With this volume Fawaz A. Gerges, Professor of International Relations at the London School of Economics, has perhaps achieved the best attempt yet to present a comprehensive account of the background, events and fallout of the various uprisings across the Middle East and North Africa that began in Sidi Bouzid, Tunisia, in December 2010. The volume comprises 21 chapters authored by a range of very well established and highly reputable contributors. The aims of the volume, as Gerges states in the introduction, are twofold.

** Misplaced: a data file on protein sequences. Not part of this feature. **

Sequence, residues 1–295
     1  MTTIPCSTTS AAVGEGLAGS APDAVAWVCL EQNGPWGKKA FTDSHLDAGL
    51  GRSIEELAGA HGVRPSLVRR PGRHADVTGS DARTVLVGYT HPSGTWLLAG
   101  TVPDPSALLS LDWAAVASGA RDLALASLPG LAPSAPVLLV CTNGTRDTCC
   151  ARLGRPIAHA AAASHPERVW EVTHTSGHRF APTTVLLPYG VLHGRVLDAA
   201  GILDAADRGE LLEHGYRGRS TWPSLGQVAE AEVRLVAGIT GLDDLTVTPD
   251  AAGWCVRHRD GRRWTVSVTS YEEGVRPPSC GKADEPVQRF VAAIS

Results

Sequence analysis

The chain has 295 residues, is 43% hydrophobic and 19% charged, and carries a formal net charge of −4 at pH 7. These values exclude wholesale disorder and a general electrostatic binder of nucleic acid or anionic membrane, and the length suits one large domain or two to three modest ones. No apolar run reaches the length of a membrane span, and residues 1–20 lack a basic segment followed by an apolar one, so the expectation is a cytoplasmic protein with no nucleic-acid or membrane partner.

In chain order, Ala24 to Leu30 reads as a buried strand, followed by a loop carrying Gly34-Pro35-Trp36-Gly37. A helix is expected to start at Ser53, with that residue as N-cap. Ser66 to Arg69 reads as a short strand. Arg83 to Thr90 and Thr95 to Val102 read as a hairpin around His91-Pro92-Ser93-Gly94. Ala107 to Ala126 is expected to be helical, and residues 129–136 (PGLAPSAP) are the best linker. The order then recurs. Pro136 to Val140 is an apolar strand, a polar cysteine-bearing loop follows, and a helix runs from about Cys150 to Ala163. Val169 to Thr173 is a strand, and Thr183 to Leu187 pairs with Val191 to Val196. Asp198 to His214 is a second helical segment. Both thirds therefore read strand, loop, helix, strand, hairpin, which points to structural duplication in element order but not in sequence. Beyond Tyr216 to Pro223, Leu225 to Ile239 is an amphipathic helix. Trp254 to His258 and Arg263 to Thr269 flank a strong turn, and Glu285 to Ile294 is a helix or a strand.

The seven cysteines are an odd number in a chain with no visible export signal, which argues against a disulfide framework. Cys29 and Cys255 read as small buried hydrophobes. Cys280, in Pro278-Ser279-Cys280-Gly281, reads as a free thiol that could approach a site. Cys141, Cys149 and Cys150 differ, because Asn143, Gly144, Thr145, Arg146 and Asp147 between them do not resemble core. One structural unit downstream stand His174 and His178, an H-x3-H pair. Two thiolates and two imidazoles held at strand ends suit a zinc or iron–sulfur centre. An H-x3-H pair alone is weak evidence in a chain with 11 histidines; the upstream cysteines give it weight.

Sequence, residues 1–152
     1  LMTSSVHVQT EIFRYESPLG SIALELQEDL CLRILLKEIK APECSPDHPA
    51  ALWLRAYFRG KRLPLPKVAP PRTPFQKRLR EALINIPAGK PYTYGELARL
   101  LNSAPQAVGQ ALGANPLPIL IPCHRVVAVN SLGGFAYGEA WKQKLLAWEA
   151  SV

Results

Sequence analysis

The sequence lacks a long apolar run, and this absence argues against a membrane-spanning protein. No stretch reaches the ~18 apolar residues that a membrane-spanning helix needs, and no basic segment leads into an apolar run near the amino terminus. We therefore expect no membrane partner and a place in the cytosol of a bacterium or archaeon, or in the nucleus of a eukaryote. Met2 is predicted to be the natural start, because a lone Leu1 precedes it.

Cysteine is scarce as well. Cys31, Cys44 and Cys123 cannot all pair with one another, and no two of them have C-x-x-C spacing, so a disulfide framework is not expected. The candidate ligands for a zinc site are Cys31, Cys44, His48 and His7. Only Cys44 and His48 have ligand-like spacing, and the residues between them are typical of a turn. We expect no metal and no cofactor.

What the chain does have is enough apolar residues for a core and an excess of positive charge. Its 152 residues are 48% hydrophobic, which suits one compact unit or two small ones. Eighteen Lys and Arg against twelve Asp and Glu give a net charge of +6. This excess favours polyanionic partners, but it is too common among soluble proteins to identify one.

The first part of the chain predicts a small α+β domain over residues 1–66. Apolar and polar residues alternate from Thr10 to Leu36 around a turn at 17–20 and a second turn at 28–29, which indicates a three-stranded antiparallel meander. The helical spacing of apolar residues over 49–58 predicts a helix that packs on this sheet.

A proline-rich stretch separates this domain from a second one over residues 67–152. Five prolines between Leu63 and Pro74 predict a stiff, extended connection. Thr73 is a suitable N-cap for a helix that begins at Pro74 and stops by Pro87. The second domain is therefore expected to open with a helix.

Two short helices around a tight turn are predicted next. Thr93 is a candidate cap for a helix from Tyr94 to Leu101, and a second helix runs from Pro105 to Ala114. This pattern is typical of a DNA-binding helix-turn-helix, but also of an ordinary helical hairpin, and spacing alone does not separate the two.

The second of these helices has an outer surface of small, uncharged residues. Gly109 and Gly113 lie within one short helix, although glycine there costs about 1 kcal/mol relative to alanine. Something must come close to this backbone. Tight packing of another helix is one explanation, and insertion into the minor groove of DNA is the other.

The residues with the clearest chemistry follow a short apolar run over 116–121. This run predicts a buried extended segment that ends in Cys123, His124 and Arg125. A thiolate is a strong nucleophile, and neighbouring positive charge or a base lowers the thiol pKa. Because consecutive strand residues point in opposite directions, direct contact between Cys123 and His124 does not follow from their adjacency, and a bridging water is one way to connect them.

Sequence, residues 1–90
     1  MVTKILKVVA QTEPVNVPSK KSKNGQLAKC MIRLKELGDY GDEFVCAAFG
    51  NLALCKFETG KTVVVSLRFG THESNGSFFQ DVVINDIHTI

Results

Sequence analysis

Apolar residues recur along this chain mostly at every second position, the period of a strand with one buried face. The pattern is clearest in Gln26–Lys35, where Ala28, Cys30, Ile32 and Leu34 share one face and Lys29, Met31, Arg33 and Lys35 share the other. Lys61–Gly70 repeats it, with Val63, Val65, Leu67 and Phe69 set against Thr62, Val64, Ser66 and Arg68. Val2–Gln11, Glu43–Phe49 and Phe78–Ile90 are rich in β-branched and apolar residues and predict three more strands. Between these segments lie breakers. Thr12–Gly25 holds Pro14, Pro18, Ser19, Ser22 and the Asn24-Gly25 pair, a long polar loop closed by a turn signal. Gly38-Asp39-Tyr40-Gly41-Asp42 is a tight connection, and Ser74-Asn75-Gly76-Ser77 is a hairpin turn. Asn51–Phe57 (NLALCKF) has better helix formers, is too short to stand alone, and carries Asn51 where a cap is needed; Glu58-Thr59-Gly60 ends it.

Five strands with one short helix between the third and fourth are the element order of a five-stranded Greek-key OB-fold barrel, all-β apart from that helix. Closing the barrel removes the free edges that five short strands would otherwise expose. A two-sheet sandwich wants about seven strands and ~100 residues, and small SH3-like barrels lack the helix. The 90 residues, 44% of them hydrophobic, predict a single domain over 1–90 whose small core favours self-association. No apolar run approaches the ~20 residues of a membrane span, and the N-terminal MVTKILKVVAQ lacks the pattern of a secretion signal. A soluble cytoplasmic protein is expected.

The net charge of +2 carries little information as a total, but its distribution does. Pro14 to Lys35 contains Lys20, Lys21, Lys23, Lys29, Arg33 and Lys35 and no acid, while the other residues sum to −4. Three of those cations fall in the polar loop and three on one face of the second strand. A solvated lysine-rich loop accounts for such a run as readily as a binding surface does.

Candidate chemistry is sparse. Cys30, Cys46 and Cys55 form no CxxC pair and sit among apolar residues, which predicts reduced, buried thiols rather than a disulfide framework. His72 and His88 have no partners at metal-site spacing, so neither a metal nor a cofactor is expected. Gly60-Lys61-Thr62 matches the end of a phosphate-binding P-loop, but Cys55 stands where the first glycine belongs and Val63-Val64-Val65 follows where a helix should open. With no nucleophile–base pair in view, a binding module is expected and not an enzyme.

The ﬁrst is to highlight commonalities, links and “systematic conditions” (35) throughout the region while also noting the important distinctions between each case study. The second aim is to reach beyond the sometimes-superﬁcial conclusions prominent in the tidal wave of academic, semi academic and media analyses that have grown as the “Arab Spring” and its aftermath unfolded. This book rejects obvious conclusions – for example, “binary opposites (stable monarchies versus volatile republics)” (35) – and avoids the dangers of perpetuating common errors such as assuming causality between events or historical determinism.